I give the same speech to my students each semester...Students, in clinicals, are soooo skill focused...I tell them that monkeys can be trained to start IVs and drop NGTs...the real essence of nursing is relating to, and understanding the needs of your patients...that is the real skill...if you have poor bedside manner, but are great at IVs, then you are a worthless (monkey) in my book...

    that's all the poster was saying...

    where am I disparaging MAs in my post?
  5. by   hope3456
    People PAY to go to MA school??? What a joke! You can get the same training in Job Core!! You know that gov't program for juvenile delinquents?? Yeah, if I wanted to be a MA, I would just drop out of school, get in trouble, ect. so I could get enrolled....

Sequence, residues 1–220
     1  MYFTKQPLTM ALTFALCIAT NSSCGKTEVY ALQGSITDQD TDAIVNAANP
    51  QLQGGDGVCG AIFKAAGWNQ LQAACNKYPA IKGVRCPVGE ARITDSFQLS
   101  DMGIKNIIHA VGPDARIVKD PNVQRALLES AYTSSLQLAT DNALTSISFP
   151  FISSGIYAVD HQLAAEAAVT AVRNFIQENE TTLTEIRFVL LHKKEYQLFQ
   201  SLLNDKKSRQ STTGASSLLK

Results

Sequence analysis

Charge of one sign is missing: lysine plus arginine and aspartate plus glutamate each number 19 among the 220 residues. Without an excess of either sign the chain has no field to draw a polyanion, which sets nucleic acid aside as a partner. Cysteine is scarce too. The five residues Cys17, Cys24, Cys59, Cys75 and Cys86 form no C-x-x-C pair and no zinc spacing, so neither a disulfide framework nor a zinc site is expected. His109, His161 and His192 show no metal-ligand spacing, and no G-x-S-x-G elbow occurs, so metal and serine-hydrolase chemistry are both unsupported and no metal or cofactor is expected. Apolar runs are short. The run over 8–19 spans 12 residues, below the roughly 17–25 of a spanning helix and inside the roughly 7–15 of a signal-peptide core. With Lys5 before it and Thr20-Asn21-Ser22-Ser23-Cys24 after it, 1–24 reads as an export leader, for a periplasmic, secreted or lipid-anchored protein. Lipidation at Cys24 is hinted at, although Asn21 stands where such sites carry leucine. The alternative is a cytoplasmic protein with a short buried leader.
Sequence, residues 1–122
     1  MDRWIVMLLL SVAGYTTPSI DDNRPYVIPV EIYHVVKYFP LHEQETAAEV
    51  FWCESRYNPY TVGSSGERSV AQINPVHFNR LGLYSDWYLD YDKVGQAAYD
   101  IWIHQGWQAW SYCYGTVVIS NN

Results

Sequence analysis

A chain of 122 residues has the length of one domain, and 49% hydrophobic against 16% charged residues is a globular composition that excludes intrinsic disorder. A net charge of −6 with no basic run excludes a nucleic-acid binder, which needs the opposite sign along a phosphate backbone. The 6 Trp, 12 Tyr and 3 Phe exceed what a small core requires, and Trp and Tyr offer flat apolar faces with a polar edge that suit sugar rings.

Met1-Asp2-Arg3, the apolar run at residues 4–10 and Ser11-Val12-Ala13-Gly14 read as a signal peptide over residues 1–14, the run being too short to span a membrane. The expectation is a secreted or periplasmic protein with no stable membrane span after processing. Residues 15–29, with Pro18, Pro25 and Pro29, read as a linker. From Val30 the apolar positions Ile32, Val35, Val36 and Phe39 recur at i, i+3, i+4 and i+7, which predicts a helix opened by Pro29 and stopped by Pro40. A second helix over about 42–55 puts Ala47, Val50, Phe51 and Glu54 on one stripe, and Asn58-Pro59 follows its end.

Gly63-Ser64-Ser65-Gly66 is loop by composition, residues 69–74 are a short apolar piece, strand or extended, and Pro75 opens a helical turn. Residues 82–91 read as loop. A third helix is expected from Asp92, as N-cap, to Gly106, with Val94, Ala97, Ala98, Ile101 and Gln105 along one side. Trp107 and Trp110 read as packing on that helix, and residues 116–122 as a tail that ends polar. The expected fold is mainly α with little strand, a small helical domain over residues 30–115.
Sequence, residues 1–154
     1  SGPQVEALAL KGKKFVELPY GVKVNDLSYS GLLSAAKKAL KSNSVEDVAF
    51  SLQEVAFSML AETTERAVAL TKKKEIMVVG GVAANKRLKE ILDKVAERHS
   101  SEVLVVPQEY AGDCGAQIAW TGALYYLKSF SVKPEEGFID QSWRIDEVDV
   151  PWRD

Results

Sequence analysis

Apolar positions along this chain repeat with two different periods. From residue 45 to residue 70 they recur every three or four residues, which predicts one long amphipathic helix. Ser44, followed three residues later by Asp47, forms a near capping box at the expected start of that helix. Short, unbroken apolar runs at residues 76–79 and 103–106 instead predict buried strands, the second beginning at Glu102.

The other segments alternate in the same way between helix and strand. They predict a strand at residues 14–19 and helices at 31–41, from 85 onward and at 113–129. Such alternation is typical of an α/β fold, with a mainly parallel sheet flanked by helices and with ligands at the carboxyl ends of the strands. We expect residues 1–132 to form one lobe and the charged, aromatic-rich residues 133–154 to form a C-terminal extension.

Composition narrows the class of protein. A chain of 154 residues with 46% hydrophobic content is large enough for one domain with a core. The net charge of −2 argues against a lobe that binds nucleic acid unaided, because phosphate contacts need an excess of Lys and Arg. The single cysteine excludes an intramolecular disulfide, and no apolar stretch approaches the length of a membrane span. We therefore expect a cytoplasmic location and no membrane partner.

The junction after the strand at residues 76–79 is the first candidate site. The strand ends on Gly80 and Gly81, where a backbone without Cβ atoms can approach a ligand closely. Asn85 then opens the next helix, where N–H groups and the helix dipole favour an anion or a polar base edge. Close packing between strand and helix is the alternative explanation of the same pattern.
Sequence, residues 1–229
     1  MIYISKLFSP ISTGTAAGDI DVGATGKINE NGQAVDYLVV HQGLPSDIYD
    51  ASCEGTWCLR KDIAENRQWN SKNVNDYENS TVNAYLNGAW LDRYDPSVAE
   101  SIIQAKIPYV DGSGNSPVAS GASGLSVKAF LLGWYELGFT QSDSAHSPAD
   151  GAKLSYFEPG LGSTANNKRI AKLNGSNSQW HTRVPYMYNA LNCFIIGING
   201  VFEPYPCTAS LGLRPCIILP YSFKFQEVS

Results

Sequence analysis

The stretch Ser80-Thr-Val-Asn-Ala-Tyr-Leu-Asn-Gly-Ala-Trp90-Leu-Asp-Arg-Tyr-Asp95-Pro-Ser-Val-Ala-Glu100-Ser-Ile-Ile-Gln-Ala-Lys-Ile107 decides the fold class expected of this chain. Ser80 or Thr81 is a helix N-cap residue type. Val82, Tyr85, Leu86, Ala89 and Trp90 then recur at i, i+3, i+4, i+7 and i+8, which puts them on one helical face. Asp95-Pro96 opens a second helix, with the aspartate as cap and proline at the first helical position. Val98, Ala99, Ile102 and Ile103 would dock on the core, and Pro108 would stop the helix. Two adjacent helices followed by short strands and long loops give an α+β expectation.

I really have a problem with these 'for profit' career schools.
  6. by   pagandeva2000
    I can't argue that some of the things I learned in medical assisting school did not help me in nursing, and I do believe that MAs, CNAs, and other titles are part of the healthcare team. I really didn't see where many of the nurses have disrepected them in this thread. What we are expressing is the misrepresentation. I am an LPN...I would not tell anyone that I am an RN or physician, because I am not. I have introduced myself as a nurse, because I AM. But, I admit freely that my level of education is not the same as a higher titled nurse, because that counteracts patient trust and safety.

    I knew the difference the minute I sat in my anatomy class...it completely blew me out of my socks!! MA school had NOTHING on what I learned in college.
  7. by   mkmm429